The Sessions name continues to trade in York after its labelling machinery divison was bought out by a York-based entrepreneur. See York-born entrepreneur buys machine division of Sessions of York for further information.

ORIGINAL ARTICLE: ONE of York’s oldest businesses – the printers Sessions of York – has gone into administration, putting about 100 jobs at risk.

Directors blamed the worldwide recession for a devastating effect on sales, and the business had also been badly hit by the fall in the value of the pound against the Euro and a big deficit in the company’s pension scheme.

They said the pound’s fall had forced up paper prices by more than 30 per cent, and in a weak, highly competitive market, they had been unable to pass on the enormous cost increase to their customers.

Mark Sessions, chairman and managing director, said in a statement: “The consequence has been that our margins have been squeezed to a level which makes it impossible to continue trading.

“Furthermore the company carries the burden of a large deficit in a final salary pension scheme.

“We deeply regret the hardship that this will cause our employees and our creditors.”

They said the running of the company had been placed in the hands of administrators, the P & A Partnership.

“The business, which has a current turnover of circa £6 million, has three divisions – label printing, labelling machinery and commercial printing – is being offered for sale as a whole, or by division, through agents Charterfields.”

The Press understands shocked staff were sent home yesterday after being told the news, with executives told to leave their company cars behind.

York council leader Andrew Waller said he became aware of the news after workers started coming into the employment and learning advice service Future Prospects yesterday afternoon to seek assistance. He pledged the local authority would do whatever it could to help.

“It’s a shame for the individuals concerned and for a company which has operated in York for so many years,” he said.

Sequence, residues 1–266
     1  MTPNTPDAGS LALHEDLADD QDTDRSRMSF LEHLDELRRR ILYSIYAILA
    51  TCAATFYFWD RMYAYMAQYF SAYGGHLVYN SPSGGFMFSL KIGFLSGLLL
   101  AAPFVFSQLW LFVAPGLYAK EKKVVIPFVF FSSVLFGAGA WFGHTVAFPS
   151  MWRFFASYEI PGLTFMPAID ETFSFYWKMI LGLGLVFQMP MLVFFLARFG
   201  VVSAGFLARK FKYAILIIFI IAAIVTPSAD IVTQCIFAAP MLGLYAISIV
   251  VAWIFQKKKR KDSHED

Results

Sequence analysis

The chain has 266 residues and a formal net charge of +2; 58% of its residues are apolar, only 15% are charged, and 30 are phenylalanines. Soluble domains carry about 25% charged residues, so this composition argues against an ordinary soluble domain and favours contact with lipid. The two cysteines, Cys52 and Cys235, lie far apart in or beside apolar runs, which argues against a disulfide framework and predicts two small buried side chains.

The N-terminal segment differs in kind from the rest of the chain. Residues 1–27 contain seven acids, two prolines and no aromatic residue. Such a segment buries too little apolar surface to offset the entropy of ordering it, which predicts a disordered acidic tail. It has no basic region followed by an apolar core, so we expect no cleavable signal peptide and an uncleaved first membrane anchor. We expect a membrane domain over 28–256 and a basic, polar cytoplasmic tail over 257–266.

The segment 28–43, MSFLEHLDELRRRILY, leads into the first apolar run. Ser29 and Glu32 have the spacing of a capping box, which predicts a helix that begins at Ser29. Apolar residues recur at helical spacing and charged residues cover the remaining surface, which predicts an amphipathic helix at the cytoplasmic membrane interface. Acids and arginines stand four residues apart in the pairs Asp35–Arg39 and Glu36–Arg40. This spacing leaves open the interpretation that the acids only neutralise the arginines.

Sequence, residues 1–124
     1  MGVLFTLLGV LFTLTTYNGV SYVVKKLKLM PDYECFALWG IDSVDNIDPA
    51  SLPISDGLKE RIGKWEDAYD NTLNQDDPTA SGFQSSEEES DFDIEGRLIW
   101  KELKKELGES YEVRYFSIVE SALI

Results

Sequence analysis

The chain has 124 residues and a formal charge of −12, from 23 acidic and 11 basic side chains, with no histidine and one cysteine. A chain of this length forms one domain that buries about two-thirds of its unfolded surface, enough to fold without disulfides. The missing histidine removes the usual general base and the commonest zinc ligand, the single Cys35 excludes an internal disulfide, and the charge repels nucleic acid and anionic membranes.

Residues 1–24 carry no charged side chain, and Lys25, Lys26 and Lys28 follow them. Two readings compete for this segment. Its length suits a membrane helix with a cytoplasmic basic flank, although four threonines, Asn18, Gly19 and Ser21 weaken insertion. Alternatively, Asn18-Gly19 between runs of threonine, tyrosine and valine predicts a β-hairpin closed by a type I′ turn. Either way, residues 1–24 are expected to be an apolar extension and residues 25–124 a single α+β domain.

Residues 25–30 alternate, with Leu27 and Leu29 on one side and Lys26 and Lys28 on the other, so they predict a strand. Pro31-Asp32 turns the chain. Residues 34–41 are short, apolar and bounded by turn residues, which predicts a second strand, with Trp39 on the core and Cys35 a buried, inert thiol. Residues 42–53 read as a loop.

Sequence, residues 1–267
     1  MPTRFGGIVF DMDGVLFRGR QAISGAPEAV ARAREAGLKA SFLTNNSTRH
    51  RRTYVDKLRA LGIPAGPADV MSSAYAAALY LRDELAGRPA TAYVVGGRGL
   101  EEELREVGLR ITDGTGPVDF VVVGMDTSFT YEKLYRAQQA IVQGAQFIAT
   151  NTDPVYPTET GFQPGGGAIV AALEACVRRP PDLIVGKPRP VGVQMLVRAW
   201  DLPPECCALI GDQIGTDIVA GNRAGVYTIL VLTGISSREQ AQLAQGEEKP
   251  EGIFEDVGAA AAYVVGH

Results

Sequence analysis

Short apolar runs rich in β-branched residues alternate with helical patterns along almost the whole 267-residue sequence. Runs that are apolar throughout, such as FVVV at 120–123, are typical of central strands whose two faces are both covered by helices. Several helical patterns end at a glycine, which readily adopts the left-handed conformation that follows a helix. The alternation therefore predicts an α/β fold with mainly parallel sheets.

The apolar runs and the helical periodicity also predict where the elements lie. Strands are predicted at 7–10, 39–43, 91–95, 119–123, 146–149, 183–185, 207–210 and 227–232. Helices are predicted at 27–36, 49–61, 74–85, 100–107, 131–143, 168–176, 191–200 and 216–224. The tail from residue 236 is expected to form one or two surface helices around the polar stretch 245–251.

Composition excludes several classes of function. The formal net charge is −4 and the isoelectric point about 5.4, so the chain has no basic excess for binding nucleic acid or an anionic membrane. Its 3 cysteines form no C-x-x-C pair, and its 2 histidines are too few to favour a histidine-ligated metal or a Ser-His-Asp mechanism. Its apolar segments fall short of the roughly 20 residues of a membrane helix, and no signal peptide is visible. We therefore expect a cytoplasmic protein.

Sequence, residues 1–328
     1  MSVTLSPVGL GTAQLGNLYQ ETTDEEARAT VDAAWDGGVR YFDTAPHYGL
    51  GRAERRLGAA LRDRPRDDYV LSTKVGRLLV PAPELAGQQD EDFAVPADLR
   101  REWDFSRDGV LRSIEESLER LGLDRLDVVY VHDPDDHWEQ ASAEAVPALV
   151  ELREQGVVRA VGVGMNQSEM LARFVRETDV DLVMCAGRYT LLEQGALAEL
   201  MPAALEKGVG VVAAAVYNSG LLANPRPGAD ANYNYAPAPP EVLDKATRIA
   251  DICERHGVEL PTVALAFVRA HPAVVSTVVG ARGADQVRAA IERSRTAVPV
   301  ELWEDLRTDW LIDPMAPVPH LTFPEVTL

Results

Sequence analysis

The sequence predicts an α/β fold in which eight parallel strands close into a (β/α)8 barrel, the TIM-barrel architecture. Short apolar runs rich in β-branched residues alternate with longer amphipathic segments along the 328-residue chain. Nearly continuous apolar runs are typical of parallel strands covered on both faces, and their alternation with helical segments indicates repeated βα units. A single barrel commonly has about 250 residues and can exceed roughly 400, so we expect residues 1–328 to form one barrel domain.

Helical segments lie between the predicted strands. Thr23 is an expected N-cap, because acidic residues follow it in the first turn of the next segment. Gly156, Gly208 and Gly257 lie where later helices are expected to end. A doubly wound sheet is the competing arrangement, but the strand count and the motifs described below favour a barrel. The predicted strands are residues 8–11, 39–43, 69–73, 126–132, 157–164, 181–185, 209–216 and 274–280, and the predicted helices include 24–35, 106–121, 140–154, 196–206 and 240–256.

Tory group leader Ian Gillies said: “I am very sorry about the demise of one of York’s oldest established businesses.”

York’s prospective Labour candidate Hugh Bayley said the news was a blow to York, coming so soon after the Jarvis job losses, but he hoped that the administrators would ensure the skills of staff at Sessions were not lost and find buyers for the business.

The move comes just under a year since The Press revealed that Mark Sessions, was putting the business up for sale, ending a dynasty stretching back almost 200 years, because he was considering retirement and none of his four children wanted to be involved in the business.


Company’s York roots go back 200 years

THE business ancestry of William Sessions dates from 1811, when a Quaker, William Alexander, founded a bookselling and stationery shop at Castlegate, adding printing a couple of years later.

A replica of his shop, and of the original press, can be seen today in York’s Castle Museum.

From 1839 to 1865 the company was owned by four other Quaker businessmen, before being bought by William Sessions, a 22-year-old Quaker and grocer.

The business moved from Castlegate to Low Ousegate, then Coney Street.

In 1907 his son, also William, gave up the shop to concentrate entirely on printing, and moved to factory premises in North Street. During the First World War he sold grocery labels, confirming Sessions as a national label printing specialist, while expanding its printing and publishing activities. In 1920 the firm moved to its Huntington Road factory.

William Kaye Sessions, joined the business in 1938 and from 1947 self-adhesive labels strengthened its earlier specialism of label production. Millions of labels were produced for markets the world over.

In the 1960s a new machine division was established to design and manufacture labelling machines for customers worldwide. At that time the company employed 170 people.

William’s son Mark took over, but decided to sell when there was no family successor.

But all his plans came unstuck.